Sunday, Jun 24, 2018
One of America's Great Newspapers ~ Toledo, Ohio

Mary Alice Powell

Crusader for more skirts and dresses hits a snag

As a self-appointed crusader to get women to wear more skirts and fewer slacks, I have been doing considerable research on the subject.

The research has intensified as more slacks and fewer skirts have been noted at all occasions.

At dinner in the finest restaurants, at the theater, at funerals, weddings, you name any place women go, and slacks outnumber dresses and skirts. The ironic side to this fashion scenario is that the stores are promoting more dresses and skirts than they have in many years. Still, there is no lack in the choice of pantsuits.

A professional woman with a high-profile position with numerous board meetings on her agenda says she prefers to wear business suits that have a skirt and jacket, but in the stores she sees more pantsuits and so she often selects them. She added a fact that figures into the equation. Last winter, the slacks were warm when she was going to meetings in the harsh temperatures. But, now it's spring and a season to change.

Do you know what is keeping us in slacks? I do. It's not that we object to showing off our legs, or even knees, or certainly to buying a spiffy ladylike outfit and getting compliments.

The problem is panty hose. We hate the two legs attached at the top by a stretch panty that unfortunately can stretch in the wrong direction and come rolling down like a snowball descending a steep hill. On Easter I thought I was a picture of fashion in a suit and panty hose.

Many miles from home, when I looked at my feet and saw the stockings bulging, I made a quick trip to the ladies room to adjust the problem. But, lo and behold, when I pulled up the panty hose, they came nearly to my chin and in a short time they had settled around my feet again.

I suppose when panty hose were first introduced we all rushed to buy them as a replacement for the old models that we called simply "nylons," one stocking for each leg.

Panty hose with both legs attached eliminated the challenge of finding two "nylons" in the drawer that matched.

One panty hose negative, other than the struggle to get them on and keep them orderly, is that if you get a run in one, the pair goes in the trash, or should, though there are women who keep on wearing them, thinking no one notices the wide runner on the back of the leg or from the toes up to the calf.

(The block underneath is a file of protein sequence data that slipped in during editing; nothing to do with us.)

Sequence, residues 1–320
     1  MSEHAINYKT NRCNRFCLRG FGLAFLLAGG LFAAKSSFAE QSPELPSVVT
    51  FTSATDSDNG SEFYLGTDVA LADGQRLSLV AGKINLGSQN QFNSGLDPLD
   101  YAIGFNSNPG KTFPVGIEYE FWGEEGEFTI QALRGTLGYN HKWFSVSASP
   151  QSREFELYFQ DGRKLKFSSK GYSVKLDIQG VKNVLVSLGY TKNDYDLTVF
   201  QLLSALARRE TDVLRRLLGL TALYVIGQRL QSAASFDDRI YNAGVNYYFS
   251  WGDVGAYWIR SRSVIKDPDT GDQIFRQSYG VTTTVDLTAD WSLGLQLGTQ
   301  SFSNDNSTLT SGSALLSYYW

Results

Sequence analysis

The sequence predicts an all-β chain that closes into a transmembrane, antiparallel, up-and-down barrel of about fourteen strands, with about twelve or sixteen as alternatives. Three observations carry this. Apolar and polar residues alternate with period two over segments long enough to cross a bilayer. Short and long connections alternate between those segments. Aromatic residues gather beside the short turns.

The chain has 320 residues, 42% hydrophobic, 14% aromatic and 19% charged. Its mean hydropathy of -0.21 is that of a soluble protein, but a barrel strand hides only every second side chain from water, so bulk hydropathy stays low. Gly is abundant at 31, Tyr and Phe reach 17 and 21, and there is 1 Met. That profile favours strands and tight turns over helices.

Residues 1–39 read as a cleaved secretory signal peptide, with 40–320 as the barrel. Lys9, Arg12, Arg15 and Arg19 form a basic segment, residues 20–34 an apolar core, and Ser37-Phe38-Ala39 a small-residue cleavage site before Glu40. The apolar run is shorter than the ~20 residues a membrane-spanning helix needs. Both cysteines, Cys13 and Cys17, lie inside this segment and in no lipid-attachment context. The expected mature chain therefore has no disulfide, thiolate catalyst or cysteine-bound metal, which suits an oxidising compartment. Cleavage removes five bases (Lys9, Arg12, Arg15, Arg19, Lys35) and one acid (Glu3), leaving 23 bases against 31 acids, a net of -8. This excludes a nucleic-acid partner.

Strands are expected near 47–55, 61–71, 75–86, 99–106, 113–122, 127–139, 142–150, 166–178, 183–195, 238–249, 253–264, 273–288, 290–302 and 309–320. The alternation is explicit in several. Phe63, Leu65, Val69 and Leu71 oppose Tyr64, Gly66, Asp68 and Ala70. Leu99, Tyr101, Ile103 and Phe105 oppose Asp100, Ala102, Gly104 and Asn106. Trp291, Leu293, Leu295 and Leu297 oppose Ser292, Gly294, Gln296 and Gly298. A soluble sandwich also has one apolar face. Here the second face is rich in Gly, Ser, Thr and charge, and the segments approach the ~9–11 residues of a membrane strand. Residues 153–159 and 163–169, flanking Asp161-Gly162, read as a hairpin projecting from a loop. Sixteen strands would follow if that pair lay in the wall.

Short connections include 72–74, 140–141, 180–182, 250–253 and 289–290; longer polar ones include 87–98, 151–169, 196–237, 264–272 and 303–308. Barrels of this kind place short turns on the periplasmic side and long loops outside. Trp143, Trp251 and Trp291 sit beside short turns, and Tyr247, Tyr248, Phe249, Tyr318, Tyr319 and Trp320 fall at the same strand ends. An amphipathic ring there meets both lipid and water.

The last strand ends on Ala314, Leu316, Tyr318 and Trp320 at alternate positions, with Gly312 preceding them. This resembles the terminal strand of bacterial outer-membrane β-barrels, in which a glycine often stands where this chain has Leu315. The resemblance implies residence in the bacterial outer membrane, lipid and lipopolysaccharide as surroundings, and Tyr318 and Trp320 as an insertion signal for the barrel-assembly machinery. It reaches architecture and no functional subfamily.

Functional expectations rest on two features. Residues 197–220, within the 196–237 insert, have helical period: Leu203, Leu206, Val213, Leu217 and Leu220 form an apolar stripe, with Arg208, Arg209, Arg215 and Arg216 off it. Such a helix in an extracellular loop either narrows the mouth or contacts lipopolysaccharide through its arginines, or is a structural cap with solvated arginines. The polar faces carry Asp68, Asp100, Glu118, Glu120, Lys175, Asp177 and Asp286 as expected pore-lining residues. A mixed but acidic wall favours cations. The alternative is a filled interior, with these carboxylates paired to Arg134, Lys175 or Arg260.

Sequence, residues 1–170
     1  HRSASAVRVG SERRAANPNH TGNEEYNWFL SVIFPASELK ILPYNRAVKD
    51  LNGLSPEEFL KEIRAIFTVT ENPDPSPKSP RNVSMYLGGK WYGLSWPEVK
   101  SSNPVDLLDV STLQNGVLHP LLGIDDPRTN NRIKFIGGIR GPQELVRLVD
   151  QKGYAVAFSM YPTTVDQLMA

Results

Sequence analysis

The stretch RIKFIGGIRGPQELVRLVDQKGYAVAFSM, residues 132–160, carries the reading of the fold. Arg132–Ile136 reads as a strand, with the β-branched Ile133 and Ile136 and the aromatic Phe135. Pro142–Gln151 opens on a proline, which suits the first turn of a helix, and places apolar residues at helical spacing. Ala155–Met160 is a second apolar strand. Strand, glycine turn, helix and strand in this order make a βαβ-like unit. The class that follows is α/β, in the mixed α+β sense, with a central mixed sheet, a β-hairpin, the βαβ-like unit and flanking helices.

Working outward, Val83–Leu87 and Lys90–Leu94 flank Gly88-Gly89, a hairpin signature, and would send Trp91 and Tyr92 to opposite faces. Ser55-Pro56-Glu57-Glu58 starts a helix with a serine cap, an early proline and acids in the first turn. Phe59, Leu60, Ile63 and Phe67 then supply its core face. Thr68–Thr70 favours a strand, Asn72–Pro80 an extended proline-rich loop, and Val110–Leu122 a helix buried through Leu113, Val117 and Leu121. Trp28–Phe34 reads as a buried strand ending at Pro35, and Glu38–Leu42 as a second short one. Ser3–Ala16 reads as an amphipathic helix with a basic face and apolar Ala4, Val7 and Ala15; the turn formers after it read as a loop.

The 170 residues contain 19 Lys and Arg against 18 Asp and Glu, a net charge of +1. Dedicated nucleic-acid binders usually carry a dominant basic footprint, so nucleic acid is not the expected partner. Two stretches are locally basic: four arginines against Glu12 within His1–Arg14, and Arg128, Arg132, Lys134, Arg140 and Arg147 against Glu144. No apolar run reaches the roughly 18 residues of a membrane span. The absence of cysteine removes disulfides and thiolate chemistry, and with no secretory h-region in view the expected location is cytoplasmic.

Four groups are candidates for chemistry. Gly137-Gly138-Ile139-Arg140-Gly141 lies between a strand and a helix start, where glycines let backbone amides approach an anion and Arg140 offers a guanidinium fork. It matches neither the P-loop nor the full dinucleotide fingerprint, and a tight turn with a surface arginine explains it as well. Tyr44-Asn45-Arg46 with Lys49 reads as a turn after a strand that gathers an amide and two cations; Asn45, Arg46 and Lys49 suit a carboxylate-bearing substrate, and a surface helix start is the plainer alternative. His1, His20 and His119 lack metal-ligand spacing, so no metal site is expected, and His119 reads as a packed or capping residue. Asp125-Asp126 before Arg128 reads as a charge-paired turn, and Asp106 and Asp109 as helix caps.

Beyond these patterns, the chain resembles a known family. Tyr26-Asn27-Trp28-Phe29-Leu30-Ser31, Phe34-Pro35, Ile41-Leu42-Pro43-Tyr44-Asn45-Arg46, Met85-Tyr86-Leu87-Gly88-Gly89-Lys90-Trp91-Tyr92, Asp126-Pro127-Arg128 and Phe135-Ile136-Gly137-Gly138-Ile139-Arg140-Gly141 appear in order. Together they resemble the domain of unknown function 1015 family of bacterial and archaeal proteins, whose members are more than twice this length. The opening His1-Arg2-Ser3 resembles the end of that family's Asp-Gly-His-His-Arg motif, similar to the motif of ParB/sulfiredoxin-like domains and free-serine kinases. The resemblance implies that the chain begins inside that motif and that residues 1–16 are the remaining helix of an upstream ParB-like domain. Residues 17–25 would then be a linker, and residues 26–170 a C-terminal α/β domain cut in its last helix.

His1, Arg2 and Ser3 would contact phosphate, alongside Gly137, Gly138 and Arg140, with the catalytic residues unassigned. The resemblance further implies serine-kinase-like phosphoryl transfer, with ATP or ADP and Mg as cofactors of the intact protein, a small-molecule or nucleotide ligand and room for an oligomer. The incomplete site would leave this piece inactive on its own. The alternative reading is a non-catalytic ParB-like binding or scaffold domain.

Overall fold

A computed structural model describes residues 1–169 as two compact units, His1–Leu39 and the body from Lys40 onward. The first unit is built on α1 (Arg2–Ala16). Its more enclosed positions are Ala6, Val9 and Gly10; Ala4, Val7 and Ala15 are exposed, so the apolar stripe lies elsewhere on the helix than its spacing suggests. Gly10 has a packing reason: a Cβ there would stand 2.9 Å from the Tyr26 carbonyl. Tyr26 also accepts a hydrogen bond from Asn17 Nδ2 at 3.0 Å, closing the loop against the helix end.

At a Toledo restaurant recently, I complimented the hostess on how nice she looked in a trim skirt and blouse. Then I added, aren't panty hose a nightmare? The young trim woman said, no problem. Her legs were bare.

Many of us like to cover our legs for one reason or another, and to that end I have been experimenting as your crusader.

Thigh-highs to the rescue. I have experimented with two pairs, a taupe and an off black. There were some anxious moments when I thought one of the stockings was abandoning the thigh for the knee, but generally the test was successful. Each stocking is secured to the upper leg with inch-wide sticky elastic. For security, be sure to buy the right size. I am so into thigh-highs my pantyhose will be recycled as paint strainers and to tie up the tomato plants.

Of course if you wear your skirts long enough knee-highs work, but don't you hate to see a woman cross her legs and see bare leg above the knee high band?

Of the two other solutions to this fashion dilemma, I have tried one, but not the other.

We can self-tan our legs with lotion that has color added. I tried two different tubes. One was to give a medium to dark "sun kissed" glow. The second product produced a lighter skin tone.

One of the products recommended using it daily; the other label states that the color will last 24 hours. Both warned that the lotion be applied in a smooth, even pattern. They worked for me.

The second solution that eliminates wearing stockings that I have never done is a tanning booth. I am too claustrophobic to go into booths, shut the door, and lie on a surface called a bed and lower the lid. It's not easy to teach an old dog some modern ways.

Mary Alice Powell is a retired Blade food editor.

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